Studies have shown consistently, that self-esteem has demonstrated to be related with parenting styles (Herz and Gullone, 1999). “Self-esteem, defined as the extent to which an individual believes himself or herself to be capable, significant, successful, and worthy (Coopersmith, 1981), consistently has been found to relate with psychological well being” (Herz and Gullone, 1999 p.1). Herz et al. (1999) reports, with the relation to Baumrind’s parenting styles, research consistently has demonstrated that the less desirable parenting styles, such as neglectful and authoritarian, to be the most predictive of low self-esteem in adolescents. “In contrast, the authoritative parenting style has been found to be the most predictive of healthy self-esteem levels” (Herz and Gullone, 1999 p.2). Herz et al. (1999) reports it is important to remember to take into account the culture the adolescent comes from when relating parenting style to self-esteem. Herz et al. (1999) reports that some cultures are different in what they revere as the best parenting style. An example of this is “the adolescent may accept overprotective parenting styles as necessary for family harmony and for demonstrating filial piety” (Herz and Gullone, 1999 p.9).

The study did by Walker and Henning (1999) “revealed that parenting style is influential in children’s moral development” (p.5). Walker et al. (1999) found that parental hostility and conflict disrupted children’s moral development and those children needed to have parental support and encouragement to facilitate moral development. “The concordant findings from two studies provide clear evidence that the nature of parents’ interactions, ego functioning, and moral reasoning are predictive of children’s moral development” (Walker and Henning, 1999 p.8). Walker and Henning (1999) found that “Parents who engage in cognitively challenging and highly opinionated interactions, who are hostile, critical, and interfering, and who display poor ego functioning (defensiveness, rigidity, rationalizations, insensitivity, inappropriate emotional expression) provide a context that hinders children’s opportunities to move toward more mature moral understandings”(p.8). Walker et al. (1999) found that parents who show more support and attentiveness, and are more children centered, could be effective in positive moral reasoning.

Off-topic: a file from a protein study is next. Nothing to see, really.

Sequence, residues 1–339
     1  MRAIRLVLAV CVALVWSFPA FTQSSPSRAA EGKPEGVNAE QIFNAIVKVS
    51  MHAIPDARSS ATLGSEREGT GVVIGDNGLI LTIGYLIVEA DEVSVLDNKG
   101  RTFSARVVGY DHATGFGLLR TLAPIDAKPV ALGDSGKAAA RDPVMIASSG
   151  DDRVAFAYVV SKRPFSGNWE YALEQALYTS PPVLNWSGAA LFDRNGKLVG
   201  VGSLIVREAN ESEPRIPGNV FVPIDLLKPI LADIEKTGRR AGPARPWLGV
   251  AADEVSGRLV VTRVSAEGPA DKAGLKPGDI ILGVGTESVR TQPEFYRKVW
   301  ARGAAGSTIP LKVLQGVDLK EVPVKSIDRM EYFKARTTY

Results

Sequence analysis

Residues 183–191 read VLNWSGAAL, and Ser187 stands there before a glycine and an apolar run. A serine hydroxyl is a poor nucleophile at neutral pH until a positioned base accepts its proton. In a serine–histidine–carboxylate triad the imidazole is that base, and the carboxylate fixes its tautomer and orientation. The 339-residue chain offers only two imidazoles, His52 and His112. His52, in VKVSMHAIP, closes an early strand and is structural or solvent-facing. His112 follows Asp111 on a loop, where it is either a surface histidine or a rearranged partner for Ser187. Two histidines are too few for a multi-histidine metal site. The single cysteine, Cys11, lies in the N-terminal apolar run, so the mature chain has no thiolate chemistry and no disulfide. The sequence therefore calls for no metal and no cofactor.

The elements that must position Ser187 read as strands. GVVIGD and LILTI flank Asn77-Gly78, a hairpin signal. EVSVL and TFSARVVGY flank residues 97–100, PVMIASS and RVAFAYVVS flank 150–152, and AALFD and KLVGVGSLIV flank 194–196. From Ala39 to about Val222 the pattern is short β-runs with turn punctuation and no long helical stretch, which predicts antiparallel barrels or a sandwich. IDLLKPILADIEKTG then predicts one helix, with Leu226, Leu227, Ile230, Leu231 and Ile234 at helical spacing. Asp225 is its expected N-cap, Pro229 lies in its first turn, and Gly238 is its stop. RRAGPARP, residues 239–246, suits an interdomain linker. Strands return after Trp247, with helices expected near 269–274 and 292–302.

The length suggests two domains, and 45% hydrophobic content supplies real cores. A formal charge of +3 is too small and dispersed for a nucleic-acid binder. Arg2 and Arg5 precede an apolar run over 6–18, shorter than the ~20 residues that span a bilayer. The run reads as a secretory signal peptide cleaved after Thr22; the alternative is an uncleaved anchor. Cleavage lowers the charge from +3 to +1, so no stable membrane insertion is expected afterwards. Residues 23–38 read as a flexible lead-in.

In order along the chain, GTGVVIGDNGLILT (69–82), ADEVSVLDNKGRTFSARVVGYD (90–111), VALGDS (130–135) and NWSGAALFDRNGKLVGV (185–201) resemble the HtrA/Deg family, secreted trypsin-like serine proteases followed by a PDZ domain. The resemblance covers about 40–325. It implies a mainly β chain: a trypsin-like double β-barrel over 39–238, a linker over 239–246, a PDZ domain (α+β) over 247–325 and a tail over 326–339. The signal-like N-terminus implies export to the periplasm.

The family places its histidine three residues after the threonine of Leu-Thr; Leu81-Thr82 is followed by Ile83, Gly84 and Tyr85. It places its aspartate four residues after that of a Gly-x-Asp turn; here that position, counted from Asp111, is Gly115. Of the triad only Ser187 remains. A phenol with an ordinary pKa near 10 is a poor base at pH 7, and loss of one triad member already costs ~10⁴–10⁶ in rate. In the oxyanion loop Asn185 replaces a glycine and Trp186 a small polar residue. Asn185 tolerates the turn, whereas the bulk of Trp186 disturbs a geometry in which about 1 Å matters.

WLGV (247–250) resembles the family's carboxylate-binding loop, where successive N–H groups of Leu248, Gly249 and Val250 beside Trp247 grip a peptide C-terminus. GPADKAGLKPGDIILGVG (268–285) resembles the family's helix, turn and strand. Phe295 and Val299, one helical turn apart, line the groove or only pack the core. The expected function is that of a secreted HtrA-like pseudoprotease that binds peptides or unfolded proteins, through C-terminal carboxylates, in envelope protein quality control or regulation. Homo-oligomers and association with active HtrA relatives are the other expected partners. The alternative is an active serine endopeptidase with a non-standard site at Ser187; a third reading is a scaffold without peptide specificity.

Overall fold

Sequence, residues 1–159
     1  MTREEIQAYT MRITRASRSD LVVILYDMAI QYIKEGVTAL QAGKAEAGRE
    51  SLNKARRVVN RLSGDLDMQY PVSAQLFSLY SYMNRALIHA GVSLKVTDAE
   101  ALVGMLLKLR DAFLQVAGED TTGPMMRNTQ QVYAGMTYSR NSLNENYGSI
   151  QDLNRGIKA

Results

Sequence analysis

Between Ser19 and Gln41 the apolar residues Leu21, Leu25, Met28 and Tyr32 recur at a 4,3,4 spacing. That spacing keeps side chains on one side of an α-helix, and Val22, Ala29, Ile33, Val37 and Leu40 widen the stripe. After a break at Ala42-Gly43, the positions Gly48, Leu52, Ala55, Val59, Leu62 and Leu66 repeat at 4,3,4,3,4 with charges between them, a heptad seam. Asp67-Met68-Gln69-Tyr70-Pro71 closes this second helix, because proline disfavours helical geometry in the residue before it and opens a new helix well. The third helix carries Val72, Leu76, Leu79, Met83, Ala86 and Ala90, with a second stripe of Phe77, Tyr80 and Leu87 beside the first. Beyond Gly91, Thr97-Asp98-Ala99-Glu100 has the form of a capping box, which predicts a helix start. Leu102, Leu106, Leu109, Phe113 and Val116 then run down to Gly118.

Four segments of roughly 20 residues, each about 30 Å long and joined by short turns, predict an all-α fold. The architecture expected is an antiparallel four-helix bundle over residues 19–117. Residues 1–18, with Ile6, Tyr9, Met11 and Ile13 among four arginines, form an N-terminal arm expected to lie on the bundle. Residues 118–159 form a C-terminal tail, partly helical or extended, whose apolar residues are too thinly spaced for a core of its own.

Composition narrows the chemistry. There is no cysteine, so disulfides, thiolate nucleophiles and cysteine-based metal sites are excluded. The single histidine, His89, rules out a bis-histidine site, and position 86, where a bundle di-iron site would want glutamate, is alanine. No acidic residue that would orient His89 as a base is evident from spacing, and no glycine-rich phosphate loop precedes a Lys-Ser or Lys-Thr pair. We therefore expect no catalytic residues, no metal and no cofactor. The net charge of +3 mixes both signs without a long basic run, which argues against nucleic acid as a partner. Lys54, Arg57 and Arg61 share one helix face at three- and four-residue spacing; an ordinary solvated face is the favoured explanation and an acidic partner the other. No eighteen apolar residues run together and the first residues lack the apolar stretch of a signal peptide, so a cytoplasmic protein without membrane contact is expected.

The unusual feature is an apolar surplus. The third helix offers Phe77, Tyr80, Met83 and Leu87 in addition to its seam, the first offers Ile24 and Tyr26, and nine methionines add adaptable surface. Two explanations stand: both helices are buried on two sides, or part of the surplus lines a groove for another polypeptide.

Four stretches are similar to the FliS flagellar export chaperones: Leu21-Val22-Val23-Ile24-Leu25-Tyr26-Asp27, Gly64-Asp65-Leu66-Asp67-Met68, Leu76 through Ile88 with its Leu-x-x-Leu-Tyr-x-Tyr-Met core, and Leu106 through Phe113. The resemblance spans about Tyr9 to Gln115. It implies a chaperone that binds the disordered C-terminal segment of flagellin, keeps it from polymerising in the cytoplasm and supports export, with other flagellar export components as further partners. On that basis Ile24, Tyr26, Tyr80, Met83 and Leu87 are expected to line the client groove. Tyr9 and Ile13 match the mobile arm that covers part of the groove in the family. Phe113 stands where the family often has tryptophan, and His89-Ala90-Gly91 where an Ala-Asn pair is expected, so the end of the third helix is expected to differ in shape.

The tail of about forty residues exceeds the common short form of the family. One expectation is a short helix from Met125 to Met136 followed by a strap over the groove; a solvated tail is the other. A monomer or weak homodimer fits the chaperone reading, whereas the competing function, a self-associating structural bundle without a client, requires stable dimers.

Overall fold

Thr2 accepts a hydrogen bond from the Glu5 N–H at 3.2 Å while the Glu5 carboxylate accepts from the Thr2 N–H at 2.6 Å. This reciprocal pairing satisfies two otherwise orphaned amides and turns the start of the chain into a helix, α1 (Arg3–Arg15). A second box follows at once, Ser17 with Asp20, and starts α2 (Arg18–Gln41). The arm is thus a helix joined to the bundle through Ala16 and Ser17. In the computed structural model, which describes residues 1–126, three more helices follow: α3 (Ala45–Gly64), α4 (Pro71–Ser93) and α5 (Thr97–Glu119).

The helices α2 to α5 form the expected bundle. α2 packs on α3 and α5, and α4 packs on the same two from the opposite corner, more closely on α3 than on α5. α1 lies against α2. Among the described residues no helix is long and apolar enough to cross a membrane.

According to Herz and Gullone (1999) “authoritative parenting is documented as being the optimal parenting style with regard to child outcomes” (p.2). Roberts and Steinberg’s (1999) “investigation provides evidence that three of authoritative parenting central features-parental involvement, behavior control, and autonomy granting- contribute in unique and independent ways to psychosocial development, academic competence, behavior problems and internal distress” (p.13). Roberts and Steinberg (1999) reported that “children who are raised in authoritative homes score higher than their peers raised in authoritarian, indulgent, or neglectful homes on a variety of measures of competence, social development, self-perceptions, and mental health” (p.1). It seems essential for schools and parents to work together in building good study skills for adolescents. Roberts and Steinberg (1999) report that “the adolescent whose investment in schoolwork pays off with good grades has experienced a combination of parental rules, limits, and structure that facilitate self-discipline, as well as enough parental latitude to achieve a sense of mastery over his or her efforts” (p.3). According to Zinsmeister (1999) a family’s religious beliefs also plays a major role in youths academics and social development. Wilcox (1999), as cited in Zinsmeister (1999), reports “that parents with conservative theological beliefs are more likely to praise and hug their children than are parents with less conservative theological views” (p.1).

In conclusion, parenting is too important a responsibility to leave to chance and needs to correctly done. I agree that authoritative parenting offers the best chance for the adolescent to develop correctly and be able to handle the daily struggles of life. Roberts and Steinberg (1999) “suspect that teens excel in most areas of their lives when they simply feel that they come from a loving home with responsive parents, regardless of whether they perceive other shortcomings in their parents” (p.12).